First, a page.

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UDP Header Fields and
Functions
UDP is defined in RFC 768
When the Protocol field of an IP header contains the
value 17 (0x11), the UDP header follows the IP header
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UDP Port Numbers and
Processes
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Understanding
Connection-Oriented Protocols
Connection-oriented protocols create a logical
connection directly between two peers on an
internetwork
Connection-oriented protocols track the transfer of data,
and ensure it arrives successfully through
acknowledgements and sequence number tracking
An acknowledgement is a positive response, indicating a
set of data arrived
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Understanding
Connection-Oriented Protocols
Connection-oriented peers use sequence number
tracking to identify the amount of data transferred, and
any out-of-order packets
Connection-oriented protocols have a timeout
mechanism that indicates when a host waited too long
for a communication, and such communication should be
assumed lost
Connection-oriented protocols also have a retry
mechanism that enables them to recover lost data by
retransmitting it a specified number of times
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Transmission Control Protocol
(TCP)
TCP offers connection-oriented services with
sequencing, error recovery, and a sliding window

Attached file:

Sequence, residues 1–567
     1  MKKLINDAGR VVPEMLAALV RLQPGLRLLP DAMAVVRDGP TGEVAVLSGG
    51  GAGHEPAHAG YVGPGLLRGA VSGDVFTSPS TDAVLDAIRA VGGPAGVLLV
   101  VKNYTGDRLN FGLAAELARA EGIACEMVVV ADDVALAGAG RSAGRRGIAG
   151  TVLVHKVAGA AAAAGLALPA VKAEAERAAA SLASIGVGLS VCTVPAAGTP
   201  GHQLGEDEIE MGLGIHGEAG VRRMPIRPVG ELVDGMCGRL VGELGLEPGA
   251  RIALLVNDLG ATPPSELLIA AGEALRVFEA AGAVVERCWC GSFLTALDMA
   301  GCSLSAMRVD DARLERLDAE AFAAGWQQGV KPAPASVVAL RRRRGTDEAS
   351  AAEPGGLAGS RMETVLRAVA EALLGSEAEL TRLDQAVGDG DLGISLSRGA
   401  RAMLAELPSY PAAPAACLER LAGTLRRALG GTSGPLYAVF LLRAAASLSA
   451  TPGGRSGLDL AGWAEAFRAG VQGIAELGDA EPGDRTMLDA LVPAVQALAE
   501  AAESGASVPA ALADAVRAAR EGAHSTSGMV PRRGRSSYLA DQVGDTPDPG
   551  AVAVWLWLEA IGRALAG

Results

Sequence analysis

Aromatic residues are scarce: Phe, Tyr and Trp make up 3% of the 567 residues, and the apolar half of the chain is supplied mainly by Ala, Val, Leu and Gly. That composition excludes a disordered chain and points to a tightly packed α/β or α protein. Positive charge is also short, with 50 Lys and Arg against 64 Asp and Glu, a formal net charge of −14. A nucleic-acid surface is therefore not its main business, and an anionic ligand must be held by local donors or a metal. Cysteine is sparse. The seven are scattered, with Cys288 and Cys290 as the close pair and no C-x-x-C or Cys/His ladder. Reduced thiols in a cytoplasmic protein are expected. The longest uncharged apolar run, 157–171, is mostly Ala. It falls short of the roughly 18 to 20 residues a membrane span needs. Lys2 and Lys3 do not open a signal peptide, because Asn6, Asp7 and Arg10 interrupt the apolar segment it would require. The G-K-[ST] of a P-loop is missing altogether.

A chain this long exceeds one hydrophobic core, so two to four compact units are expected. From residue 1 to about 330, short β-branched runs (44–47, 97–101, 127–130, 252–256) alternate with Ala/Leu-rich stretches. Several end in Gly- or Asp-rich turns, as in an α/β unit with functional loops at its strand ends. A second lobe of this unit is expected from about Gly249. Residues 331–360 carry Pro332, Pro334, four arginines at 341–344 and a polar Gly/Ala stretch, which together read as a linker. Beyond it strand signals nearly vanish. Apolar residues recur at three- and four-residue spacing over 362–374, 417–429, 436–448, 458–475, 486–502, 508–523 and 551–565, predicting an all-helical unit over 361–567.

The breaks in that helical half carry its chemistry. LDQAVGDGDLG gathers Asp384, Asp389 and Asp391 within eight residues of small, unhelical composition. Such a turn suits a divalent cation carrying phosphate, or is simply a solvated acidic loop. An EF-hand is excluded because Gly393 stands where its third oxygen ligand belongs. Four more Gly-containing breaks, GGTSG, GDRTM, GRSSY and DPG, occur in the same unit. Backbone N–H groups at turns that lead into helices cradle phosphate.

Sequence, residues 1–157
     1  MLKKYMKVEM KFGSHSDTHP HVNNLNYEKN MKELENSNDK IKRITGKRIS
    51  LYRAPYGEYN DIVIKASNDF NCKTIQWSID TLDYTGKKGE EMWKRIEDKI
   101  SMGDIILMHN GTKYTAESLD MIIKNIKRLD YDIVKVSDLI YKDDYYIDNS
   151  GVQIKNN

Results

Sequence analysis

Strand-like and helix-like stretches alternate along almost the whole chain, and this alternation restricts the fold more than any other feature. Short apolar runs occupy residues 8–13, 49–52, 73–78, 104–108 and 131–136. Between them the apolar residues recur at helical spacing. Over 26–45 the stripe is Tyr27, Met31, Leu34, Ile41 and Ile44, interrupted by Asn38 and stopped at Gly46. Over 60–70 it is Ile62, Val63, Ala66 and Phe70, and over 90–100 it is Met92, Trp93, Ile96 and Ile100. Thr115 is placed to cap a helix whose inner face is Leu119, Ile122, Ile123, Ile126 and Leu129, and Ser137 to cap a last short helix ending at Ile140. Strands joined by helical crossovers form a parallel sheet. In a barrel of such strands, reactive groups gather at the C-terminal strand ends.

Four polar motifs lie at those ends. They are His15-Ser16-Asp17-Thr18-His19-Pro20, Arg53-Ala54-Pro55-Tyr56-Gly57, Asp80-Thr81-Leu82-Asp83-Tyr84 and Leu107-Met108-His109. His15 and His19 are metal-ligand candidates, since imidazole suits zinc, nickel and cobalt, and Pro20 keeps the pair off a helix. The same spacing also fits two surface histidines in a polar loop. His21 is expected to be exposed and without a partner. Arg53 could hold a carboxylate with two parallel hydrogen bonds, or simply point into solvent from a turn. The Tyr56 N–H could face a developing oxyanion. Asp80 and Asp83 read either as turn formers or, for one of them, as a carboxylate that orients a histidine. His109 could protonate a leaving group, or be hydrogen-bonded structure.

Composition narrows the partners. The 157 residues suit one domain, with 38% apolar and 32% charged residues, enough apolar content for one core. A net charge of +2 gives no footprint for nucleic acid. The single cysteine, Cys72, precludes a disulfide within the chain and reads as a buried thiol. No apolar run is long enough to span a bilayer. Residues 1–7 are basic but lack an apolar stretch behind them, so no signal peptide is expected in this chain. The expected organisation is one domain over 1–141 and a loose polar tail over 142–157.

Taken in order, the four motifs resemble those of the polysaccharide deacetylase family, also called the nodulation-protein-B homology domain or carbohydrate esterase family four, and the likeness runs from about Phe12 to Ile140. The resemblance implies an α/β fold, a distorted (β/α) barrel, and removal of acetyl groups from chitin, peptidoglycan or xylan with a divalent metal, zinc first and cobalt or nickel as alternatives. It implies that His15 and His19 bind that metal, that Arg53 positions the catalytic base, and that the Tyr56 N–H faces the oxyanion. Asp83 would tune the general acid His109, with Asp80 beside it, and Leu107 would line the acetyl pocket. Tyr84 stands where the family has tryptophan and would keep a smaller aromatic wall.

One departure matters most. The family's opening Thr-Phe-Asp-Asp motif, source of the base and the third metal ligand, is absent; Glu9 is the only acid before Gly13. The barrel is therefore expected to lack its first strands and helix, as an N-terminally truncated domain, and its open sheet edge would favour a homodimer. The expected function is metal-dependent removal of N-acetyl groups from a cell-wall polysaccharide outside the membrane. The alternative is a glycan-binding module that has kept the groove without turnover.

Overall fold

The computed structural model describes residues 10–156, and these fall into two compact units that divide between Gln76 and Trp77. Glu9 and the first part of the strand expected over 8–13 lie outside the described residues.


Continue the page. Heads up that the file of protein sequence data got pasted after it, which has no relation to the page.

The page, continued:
mechanism
Because of TCP’s end-to-end reliability and flexibility,
TCP is the preferred transport method for applications
that transfer large quantities of data and require reliable
delivery services
TCP hosts create a virtual connection with each other
using a handshake process
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Transmission Control Protocol
(TCP)
TCP transfers data as a continuous stream of bytes, with
no knowledge of the underlying messages or message
boundaries that might be contained in that byte stream
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TCP Startup Connection
Process (TCP Handshake)
TCP offers a connection-oriented transport that begins
with a handshake between two hosts
One host initiates the handshake to another host to:
(a)
(b)
(c)
Ensure the destination host is available
Ensure the destination host is listening on the
destination port number
Inform the destination host of the initiator’s sequence
number so the two sides can track data as it is
transferred
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TCP Handshake Is
a Three-Packet Process
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TCP Connection Termination
The TCP
connection
termination
process
requires
four
packets
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TCP Sequence and
Acknowledgement Process
The sequence and acknowledgement process
guarantees that packets are ordered properly and
protects against missing segments
During the handshake process, each side of the
connection selects its own starting sequence number
During the TCP startup and teardown sequences, the